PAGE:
This week, we’re trying something different. David Kippen, the genius behind Evviva Brands is going to take us on a tour of Market Research. David is a powerful advocate for the idea that you have to learn about the markets you serve. So, one step at a time, we’ll go through the basics of doing your own work to get a ‘dirt under the fingernails’ look at the market. – John Sumser
Dr. Kippen is CEO and Chief Strategist of Evviva Brands. With a background spanning advertising and communications and a client base spanning the globe, Dr. Kippen is recognized as among the top thought leaders in brand strategy. David has held leadership roles in several top associations that support the HR and communications professions. He is currently a member of SHRM’s Performance Management Task Force and an active member of the Council of Communication Management. Full Bio »
DIY Market Research 4/5 Private Investment
by David Kippen
This is tricky. Not only is most of what you see private investment, but it’s hard to see. For example, is the shiny new building you’re looking at is brand new or just a re-skinned brick building that’s about to fall down? But there are a few key elements of private investment I’ve learned to look for. In order of development, these are bike shops, 5&10 stores, and billboards.
More bike shops (places that repair motorcycles and mopeds) mean there are a high number of people getting around on two wheels. So lots of bike shops tend to be inversely correlated with high development. Similarly, they’ll range from street-corner operations through tented areas to real mini-garages. Each tells you something important about the degree of local development. And they’re ubiquitous enough (because bikes break down often) to be impossible to miss if your eyes are open.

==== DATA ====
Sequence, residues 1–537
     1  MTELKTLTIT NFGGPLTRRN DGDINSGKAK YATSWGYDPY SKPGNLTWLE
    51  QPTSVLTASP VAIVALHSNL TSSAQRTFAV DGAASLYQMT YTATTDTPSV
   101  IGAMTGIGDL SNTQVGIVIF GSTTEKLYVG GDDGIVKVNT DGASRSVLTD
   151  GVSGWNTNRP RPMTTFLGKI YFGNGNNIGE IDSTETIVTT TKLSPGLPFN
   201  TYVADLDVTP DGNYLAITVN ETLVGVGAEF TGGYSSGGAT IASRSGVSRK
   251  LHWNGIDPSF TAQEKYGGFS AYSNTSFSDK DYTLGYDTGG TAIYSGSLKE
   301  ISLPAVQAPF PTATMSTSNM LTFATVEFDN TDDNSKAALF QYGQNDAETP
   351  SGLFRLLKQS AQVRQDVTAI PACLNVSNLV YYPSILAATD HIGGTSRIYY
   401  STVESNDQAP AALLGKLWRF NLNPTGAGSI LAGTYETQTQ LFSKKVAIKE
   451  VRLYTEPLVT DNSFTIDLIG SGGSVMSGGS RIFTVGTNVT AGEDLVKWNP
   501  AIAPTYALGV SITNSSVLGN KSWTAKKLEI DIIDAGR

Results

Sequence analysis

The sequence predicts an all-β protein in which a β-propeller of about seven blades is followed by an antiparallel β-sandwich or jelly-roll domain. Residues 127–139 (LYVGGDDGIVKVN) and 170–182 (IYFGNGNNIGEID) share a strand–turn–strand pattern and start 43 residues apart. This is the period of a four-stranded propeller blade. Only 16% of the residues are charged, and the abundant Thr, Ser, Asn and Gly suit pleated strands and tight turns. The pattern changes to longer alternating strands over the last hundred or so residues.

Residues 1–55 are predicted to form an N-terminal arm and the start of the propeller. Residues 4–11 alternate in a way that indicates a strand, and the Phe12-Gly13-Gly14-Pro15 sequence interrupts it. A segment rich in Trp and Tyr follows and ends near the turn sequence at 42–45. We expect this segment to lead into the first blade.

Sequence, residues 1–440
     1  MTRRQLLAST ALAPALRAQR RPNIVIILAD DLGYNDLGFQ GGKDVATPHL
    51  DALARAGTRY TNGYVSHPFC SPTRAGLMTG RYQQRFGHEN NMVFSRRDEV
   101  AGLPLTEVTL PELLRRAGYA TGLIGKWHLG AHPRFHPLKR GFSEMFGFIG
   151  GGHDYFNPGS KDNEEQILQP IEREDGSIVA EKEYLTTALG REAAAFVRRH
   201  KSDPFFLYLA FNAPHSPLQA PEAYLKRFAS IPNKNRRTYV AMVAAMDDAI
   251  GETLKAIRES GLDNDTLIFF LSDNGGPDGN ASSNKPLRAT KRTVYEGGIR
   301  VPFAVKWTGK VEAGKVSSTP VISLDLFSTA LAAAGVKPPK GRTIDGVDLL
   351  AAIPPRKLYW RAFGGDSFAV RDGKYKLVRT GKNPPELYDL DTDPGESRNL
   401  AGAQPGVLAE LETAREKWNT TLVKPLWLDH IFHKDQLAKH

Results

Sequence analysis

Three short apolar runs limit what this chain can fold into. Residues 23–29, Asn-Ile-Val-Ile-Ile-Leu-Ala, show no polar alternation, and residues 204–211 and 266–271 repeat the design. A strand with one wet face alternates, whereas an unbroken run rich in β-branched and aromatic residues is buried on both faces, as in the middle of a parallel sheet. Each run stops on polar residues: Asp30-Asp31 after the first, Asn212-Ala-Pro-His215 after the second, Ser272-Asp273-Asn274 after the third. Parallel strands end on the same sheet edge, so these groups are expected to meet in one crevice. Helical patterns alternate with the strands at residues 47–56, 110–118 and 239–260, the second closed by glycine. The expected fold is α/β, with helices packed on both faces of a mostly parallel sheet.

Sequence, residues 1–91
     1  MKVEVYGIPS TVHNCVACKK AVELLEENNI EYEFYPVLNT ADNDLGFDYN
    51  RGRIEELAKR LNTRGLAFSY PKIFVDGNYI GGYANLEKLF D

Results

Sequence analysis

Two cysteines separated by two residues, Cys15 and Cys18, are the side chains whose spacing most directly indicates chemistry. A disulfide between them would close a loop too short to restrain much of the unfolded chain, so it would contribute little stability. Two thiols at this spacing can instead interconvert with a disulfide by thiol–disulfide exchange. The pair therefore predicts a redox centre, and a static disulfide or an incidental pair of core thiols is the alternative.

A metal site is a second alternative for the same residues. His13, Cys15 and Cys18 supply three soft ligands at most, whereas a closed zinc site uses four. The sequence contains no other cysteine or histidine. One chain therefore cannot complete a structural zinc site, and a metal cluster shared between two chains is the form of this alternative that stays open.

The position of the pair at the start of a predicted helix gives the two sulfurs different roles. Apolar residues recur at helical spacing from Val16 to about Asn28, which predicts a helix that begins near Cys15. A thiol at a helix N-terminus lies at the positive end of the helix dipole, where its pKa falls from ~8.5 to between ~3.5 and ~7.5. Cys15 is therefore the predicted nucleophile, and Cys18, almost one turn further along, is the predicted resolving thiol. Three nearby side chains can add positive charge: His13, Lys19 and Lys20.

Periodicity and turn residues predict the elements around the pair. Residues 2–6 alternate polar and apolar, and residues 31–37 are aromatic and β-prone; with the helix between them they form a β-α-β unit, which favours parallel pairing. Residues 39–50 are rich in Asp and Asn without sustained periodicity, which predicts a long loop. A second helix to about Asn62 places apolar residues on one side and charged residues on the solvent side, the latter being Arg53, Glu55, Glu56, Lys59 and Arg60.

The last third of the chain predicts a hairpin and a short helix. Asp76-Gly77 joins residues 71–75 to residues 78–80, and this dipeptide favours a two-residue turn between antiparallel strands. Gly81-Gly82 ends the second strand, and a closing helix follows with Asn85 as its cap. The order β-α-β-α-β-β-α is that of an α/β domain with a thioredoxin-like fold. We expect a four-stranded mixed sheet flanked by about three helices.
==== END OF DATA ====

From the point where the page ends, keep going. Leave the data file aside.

5&10s, the mom-and-pop shops, that carry everything from chicken wire and tin to dental floss and plungers, are all displaced quickly when bigger more efficient stores come to town. But as long as the general income level is low, volume wholesalers can’t generate the revenue they need to offset their fixed operating and inventory costs. So if you see frequent small five and dime stores, you’re looking at a market on the lower side of the development curve.
Billboards may sound like a no-brainer: they’re everywhere, right? Yes, and no. Remember, billboards are constrained by the same market dynamics as wholesalers: they need a mass market ready and able to spend discretionary income on mass-produced product. So question one is “how many do you see?” Question two should be “what are they selling?” Billboards seem to climb a predictable ladder from beverages (Coke, for example, and local beers) to consumer electronics, then phone minutes/plans, then cosmetics, then lifestyle products, then designer brands. What you see will tell you a lot about where the local market is.